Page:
The Problem — a Whole Different God

Multiple sources said students of color at Christian colleges are routinely harassed with racially insensitive jokes and comments by members of their campus communities, for example, and that this harassment is sometimes not taken seriously enough by school administrators.

When racism isn’t overt, students often feel like they won’t be accepted by their school communities unless they suppress their ethnic identities. Many students feel profoundly lonely on majority-White CCCU campuses, our sources said.

Dante Upshaw, for example, has been both a student and a staff member at evangelical schools. He recalled the challenge that worship presented when he was a student at Moody Bible Institute in Chicago.

“For the average White student, it’s an easy crossover. … It’s kind of this big youth group. But for the Black student, the Hispanic student, this is a whole different God,” said Upshaw.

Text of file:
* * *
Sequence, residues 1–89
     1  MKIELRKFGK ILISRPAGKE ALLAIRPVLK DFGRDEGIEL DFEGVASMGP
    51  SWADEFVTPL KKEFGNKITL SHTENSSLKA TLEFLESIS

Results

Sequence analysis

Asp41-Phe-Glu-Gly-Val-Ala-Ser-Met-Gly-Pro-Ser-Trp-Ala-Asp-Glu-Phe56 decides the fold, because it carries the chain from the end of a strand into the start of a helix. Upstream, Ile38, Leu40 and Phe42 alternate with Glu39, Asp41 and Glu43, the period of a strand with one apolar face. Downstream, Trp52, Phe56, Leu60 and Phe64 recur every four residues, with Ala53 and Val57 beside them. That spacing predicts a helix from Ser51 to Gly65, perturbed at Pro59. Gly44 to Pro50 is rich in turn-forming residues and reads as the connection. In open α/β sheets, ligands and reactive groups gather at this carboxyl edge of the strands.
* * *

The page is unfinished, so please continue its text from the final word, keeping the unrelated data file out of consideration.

He was unfamiliar with the songs that were sung in chapel, for example, and found himself in conversations about what constitutes godly worship. “I was a young person having to articulate and defend. That’s a lot of pressure for a freshman,” said Upshaw.

Monica Smith: "We haven't gone far enough."

Monica Smith has seen the same phenomenon played out on her school’s campus. As assistant to the provost for multicultural concerns at Eastern University in St. Davids, Pennsylvania, she said students of color once complained to her about being judged for skipping chapel services that felt culturally foreign to them. They were told they should be able to worship no matter what kind of music or speaker was up front. “The retort was, ‘You’re right, so why can’t it sound like what I’m used to?’” said Smith, who also teaches courses in social work.

Smith and her colleagues have identified four specific areas of challenge that confront students of color at Eastern: financial, academic, social, and spiritual. “If students are struggling in those areas, they really can’t pay attention in the classroom,” said Smith.